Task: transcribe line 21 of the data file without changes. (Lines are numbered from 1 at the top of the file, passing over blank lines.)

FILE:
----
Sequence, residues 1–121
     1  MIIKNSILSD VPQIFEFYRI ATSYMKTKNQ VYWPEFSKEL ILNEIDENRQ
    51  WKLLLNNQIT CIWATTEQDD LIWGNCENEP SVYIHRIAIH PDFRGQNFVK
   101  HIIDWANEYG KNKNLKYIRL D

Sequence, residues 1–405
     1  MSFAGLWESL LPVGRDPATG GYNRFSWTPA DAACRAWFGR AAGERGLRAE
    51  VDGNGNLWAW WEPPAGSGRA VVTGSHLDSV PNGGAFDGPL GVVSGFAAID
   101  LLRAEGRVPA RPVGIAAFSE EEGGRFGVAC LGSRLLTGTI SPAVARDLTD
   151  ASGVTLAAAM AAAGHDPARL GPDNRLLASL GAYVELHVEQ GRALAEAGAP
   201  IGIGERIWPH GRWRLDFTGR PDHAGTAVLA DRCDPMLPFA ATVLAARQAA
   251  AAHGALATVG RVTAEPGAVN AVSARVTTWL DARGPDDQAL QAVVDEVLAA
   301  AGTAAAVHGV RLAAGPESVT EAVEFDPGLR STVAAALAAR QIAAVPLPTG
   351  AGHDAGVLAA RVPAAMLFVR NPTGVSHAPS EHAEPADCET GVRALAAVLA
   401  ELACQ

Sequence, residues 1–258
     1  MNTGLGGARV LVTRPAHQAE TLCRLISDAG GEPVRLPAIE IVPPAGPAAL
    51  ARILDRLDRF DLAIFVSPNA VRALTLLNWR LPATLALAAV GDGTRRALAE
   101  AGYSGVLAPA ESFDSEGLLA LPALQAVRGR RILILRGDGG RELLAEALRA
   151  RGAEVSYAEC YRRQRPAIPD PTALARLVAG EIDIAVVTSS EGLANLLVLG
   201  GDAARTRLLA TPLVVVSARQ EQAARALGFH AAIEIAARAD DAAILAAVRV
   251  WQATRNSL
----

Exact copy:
   251  WQATRNSL